BenQ's German workers blame former owners Siemens By Axel Hoepner
Deutsche Presse-Agentur dpa
Thursday September 28, 2006
By Axel Hoepner, Munich- The decision by Taiwan's BenQ to shut off further investment in its German subsidiary BenQ-Siemens has left the company's 3,000 employees feeling betrayed. The news hit staff like a bolt from the blue, according to Wolfgang Mueller of the IG Metall trade union.
"This is worse than anything we could have expected. Morally the former owners Siemens are responsible for the disaster," Mueller told Deutsche Presse-Agentur dpa.
It was no secret that all was not well at BenQ.
After taking over the Siemens business last year, BenQ aimed to secure at least 10 per cent of the world market, but at the last count this figure was just 3 per cent.
Management was also not hopeful regarding the vital Christmas season.
Workers at the Munich headquarters, where 1,400 are employed, suspected bad news when they were called to an "All-hands-Meeting" Thursday.
Nevertheless the news that the company was effectively bankrupt came as a shock to most of them.
"We are deeply hurt," workers' representatives on the board said. They said they had believed assurances from Taiwan that the company would be retained.
At the company's plant at Kamp-Lintfort there was anger and frustration. Many members of staff learnt of the company's pending insolvency over the radio as they were on their way into work.
"We already see ourselves in the queue at the employment office," one member of staff said at the gates to the plant. "Insolvency is the best thing for BenQ. Then they don't have to pay us a cent."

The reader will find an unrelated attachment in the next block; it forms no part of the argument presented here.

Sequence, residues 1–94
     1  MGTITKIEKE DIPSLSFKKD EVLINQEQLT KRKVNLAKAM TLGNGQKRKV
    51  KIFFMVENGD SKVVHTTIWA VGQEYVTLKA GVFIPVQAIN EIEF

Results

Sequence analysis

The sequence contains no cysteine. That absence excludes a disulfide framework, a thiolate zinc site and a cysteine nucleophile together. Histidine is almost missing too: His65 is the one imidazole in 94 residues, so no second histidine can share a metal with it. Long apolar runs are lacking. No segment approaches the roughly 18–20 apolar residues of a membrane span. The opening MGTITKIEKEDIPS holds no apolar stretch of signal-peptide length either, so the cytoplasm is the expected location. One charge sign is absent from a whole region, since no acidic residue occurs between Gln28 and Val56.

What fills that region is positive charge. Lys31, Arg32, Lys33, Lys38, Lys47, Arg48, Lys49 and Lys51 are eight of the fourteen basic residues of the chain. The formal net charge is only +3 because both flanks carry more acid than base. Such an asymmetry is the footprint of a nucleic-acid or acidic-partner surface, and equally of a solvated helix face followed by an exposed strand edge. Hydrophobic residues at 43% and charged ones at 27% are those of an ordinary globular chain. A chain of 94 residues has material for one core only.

Siemens was unable to make a go of its mobile division, showing little aptitude for keeping up with consumer trends, such as colour display and photography, where the company entered the market late.
BenQ aimed to change this, but relied largely on the original management. "In reality, the problems simply continued," a sector analyst said.
The company's flexibility and speed in reacting to new developments still left much to be desired.
Siemens is no longer involved in the concern. New Siemens head Klaus Kleinfeld has promised that by early next year all divisions in the electrical concern will have achieved ambitious profit margins.
The mobile phone division had no chance of doing so and Kleinfeld took the logical, if drastic, step of complete disposal.
Siemens has also disposed of other units or entered into partnerships with them.
The mobile phone division went to BenQ for a symbolic price, with the Taiwanese receiving millions from Siemens to sweeten the deal.
"We felt like an unwanted child," says one member of staff who has been with Siemens and BenQ for 39 years.
He sees it as a shame that Siemens did not have the courage and patience to revitalize its problematic units.
Mueller also criticized the traditional German company of resorting to radical measures in order to fulfil short-term profit goals.
"BenQ staff are now paying for the failings of Siemens' management," he says.
A Siemens spokeswoman said the company was watching developments at BenQ. "We are very sorry to see this," she said.
BenQ aims to use the brand and the expertise of its former Siemens division, but the mobile phones themselves will in future be produced in Asia.
Many in Germany suspected when the Taiwanese bought the unit last year that they were only interested in the brand name and not in the relatively expensive German production facilities.
"They waited until the Siemens money was used up and then simply turned off the tap," a sector analyst says.
© 2006 DPA - Deutsche Presse-Agentur dpa